MANILA The Office of the Solicitor General (OSG) has complied with a Supreme Court (SC) order requiring it to submit documents in connection with the two consolidated petitions seeking to stop the government's anti-illegal drug operations.
The compliance, however, is only partial as the OSG formally asked the SC to be given two more months to submit other records enumerated in the High Court's order.
The respondents respectfully request an extension of 60 days from April 26, 2018 or until June 25, 2018 to submit other documents required by this Honorable Court, read the 12-page compliance motion for extension of time to submit additional documents, dated April 26, 2018.
The OSG has already submitted 29 cases actual death and injuries during police operations and 35 summaries of administrative cases of anti-illegal drugs operations.
During the three-day oral arguments in December last year, Senior Associate Justice Antonio Carpio and Associate Justice Benjamin Caguioa pressed for the list of documents they earlier requested from Solicitor General Jose Calida.
Carpio required Calida to submit a detailed report on the 3,806 deaths attributed to anti-drug operations carried out by the police from July 1, 2016 to Nov. 30, 2017.
The High Court also asked Calida to submit the records of all buy-bust operations conducted in San Andres Bukid, Manila, which is the subject of one of the two petitions, the pre-operations plan and post-operations plan.
Calida filed a motion for reconsideration, arguing that the Supreme Court cannot declare a law or ordinance as unconstitutional based on the abuses committed by its implementor.
The criterion by which the validity of the statute or ordinance is to be measured is the essential basis for the exercise of power, and not a mere incidental result arising from its exertion. This is logical, he said.
He said they have no intention to defy the High Court's order, noting that he filed the motion for reconsideration to strengthen the rule of law and prevent abuse of judicial processes.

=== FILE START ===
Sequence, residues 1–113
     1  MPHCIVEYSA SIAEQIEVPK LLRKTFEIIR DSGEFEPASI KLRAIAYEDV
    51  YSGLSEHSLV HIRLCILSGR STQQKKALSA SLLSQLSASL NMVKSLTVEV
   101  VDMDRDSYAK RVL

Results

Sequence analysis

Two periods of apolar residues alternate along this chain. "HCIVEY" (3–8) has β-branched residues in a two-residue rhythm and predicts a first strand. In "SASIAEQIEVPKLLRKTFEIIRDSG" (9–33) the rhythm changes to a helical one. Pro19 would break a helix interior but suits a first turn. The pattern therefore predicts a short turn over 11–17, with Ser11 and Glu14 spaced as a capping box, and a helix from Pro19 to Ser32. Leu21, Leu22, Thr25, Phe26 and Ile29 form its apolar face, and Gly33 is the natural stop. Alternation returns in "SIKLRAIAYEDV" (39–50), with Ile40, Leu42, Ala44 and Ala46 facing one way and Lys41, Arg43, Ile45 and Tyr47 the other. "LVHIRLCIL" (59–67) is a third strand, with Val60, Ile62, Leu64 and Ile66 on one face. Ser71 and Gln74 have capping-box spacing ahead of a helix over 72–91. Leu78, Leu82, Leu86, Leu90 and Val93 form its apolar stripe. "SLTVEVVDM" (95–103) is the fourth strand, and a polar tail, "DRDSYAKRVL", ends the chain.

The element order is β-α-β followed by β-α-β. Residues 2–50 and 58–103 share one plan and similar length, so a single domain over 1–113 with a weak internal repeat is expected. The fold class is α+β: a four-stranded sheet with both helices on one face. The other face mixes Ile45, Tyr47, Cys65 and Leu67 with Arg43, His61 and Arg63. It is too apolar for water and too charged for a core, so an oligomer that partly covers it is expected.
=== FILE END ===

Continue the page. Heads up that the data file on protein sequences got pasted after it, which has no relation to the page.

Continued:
Calida's motion was, however, denied by the High Court last April 3.
He earlier said the two petitions sought for a writ of amparo, which would stop the implementation of the Philippine National Police's Command Memorandum Circular (PNP CMC) No. 16-2016, or Oplan Double Barrel, and the implementing rules of the Department of the Interior and Local Government's Memo Circular (DILG MC) No. 2017-112 on the revised guidelines for MASA MASID, have no basis.
MASA MASID stands for Mamamayang Ayaw Sa Anomalya, Mamamayang Ayaw Sa Iligal na Droga.
The extraordinary writ of amparo is intended to safeguard every person's right to life, liberty, and security. It cannot be utilized, as the petitioners are doing, to harass, vex, or hinder public authorities in the legitimate exercise of their duties, Calida said.
The writ of prohibition, on the other hand, can only be sought by one who has legal standing, and when there is something to prohibit. These two conditions are clearly not present in this case. It is therefore not difficult to see that the present petitions are disingenuous moves to destabilize the Duterte administration and sow anarchy, he said.
The consolidated petitions were filed by the Center for International Law (CenterLaw) through lawyer Joel Butuyan, on behalf of the residents of 26 barangays in San Andres Bukid, Manila City and the Free Legal Assistance Group (FLAG), led by lawyer Jose Manuel Diokno.
The CenterLaw petition sought the issuance of a writ of amparo to shield the residents of 26 barangays in San Andres Bukid against the government's anti-illegal drug war.
The FLAG petition, on the other hand, sought to declare as unconstitutional the Oplan Double Barrel, which Diokno said allows the police to neutralize suspected drug pushers.
The group also filed the petition for the SC to issue protection orders for the relatives of three persons who ended up as alleged victims of extra-legal killings in the drug campaign. (PNA)
Source: Philippine News Agency